To increase the chance that on average similar routes were treated at different times, we used stratified random ordering of the timing of the treatment based on two variables: the share of residual waste in total waste pre-treatment (September-November 2014), and the percentage of terraced houses on a route in 2014. Both variables are indicators of the (lack of) potential for separation of waste. Once the ordering of the twelve routes for each day of the week was determined, we combined them into groups of five for a complete week of treatment in the Tilburg area.
Experimental Design Details
Randomization Method
Randomization done in office by a computer
Randomization Unit
Garbage collection route.
Was the treatment clustered?
Yes
Experiment Characteristics
Sample size: planned number of clusters
65
Sample size: planned number of observations
65 routes * 16 months * 4 weeks = 4,160
Sample size (or number of clusters) by treatment arms
Due to phase-in design, eventually all 65 routes will be treated.
Minimum detectable effect size for main outcomes (accounting for sample design and clustering)
IRB
INSTITUTIONAL REVIEW BOARDS (IRBs)
IRB Name
IRB Approval Date
IRB Approval Number
Post-Trial
Post Trial Information
Study Withdrawal
Intervention
Is the intervention completed?
Yes
Intervention Completion Date
August 07, 2015, 12:00 AM +00:00
Is data collection complete?
Yes
Data Collection Completion Date
December 01, 2015, 12:00 AM +00:00
Final Sample Size: Number of Clusters (Unit of Randomization)
65 routes
Was attrition correlated with treatment status?
No
Final Sample Size: Total Number of Observations
4,185
Final Sample Size (or Number of Clusters) by Treatment Arms
Due to phase-in design, all routes were eventually treated.
Data Publication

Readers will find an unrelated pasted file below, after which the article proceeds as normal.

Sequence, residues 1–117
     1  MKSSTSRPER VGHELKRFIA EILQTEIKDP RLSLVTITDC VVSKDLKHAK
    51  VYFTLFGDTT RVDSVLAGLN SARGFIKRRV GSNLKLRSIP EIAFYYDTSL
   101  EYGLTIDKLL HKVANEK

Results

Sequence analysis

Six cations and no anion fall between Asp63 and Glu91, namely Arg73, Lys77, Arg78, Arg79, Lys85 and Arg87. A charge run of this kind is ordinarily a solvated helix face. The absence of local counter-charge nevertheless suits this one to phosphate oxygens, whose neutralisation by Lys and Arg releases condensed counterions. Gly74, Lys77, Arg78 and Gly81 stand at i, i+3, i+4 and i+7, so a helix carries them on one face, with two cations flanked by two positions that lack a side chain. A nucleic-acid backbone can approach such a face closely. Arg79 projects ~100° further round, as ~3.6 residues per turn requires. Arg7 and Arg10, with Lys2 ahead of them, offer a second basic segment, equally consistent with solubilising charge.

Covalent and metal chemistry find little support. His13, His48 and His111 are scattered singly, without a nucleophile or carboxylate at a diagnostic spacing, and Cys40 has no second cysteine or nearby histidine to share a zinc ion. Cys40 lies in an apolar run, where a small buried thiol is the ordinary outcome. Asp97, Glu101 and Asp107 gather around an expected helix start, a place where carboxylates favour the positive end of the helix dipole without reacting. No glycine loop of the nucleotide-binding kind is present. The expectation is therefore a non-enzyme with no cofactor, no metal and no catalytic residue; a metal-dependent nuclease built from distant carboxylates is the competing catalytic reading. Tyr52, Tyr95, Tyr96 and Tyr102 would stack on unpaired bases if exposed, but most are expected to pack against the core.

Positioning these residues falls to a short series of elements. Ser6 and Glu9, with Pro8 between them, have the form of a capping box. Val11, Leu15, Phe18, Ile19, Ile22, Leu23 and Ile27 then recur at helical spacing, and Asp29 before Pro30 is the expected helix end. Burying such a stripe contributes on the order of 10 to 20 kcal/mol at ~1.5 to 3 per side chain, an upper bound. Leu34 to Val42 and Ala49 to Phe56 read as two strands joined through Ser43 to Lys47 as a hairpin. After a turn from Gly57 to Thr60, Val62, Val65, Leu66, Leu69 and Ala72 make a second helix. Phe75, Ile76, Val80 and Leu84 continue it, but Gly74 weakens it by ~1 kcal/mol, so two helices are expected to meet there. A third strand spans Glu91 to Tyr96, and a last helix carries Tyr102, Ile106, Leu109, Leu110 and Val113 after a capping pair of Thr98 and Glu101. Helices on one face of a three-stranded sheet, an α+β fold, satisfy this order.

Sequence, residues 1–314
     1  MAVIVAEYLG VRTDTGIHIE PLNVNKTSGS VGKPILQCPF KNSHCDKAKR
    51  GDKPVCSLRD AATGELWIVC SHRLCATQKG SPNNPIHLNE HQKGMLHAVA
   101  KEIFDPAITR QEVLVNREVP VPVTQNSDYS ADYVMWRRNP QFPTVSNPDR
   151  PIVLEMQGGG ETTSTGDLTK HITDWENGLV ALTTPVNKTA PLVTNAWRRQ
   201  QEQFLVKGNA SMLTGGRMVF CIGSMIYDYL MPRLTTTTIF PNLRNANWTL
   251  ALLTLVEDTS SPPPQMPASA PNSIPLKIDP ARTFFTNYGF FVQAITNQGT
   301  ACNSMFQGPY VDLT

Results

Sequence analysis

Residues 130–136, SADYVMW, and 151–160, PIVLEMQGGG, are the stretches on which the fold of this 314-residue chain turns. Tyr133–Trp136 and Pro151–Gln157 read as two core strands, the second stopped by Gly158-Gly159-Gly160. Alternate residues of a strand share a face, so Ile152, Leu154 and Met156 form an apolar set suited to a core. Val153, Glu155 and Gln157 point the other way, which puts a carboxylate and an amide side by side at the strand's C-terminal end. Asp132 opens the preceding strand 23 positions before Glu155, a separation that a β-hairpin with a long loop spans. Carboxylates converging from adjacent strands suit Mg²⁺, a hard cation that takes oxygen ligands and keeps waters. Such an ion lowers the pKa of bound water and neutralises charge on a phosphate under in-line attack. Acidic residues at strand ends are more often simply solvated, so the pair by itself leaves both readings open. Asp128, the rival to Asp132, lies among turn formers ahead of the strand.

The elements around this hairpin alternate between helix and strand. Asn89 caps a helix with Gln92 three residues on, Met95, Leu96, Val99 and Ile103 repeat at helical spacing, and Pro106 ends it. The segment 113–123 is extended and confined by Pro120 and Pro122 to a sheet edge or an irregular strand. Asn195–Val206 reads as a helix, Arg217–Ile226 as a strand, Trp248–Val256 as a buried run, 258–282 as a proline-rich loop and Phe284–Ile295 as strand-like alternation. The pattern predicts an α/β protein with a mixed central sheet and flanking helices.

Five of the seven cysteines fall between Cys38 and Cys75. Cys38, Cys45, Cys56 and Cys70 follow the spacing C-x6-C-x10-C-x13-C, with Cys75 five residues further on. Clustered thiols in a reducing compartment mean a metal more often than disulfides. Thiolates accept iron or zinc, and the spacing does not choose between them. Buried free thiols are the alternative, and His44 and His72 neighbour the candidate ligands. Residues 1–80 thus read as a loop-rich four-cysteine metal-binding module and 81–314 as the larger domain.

Data Publication
Is public data available?
No

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Program Files
Program Files
Reports and Papers
Preliminary Reports
Relevant Papers
Abstract
We provide rare evidence for how a temporary incentive can kick-start an improved habit. We conducted a natural field experiment involving 70,000 households in an urban area. We study the extent to which they separate their waste, a behavior that is prone to habit formation. The incentive consisted of a letter informing households that disposal of non-separated waste is illegal and punishable by a fine, followed by an intensive and highly salient crackdown of four weeks. The crackdown had a large and instantaneous effect on household behavior. Most of the effect was still apparent up to seven months later. The stable, higher rate of separating waste is likely to have been sustained by a new, improved habit: crowding out of intrinsic motivation by the transactional motive to avoid punishment is found to be only transitory. In contrast to the threat of punishment, two behavioral interventions, one conveying the injunctive norm, another one the descriptive norm, are not found to have any effect.
Citation
Van Soest, Daan, and Ben Vollaard, 2019, Breaking habits, unpublished manuscript, Tilburg University.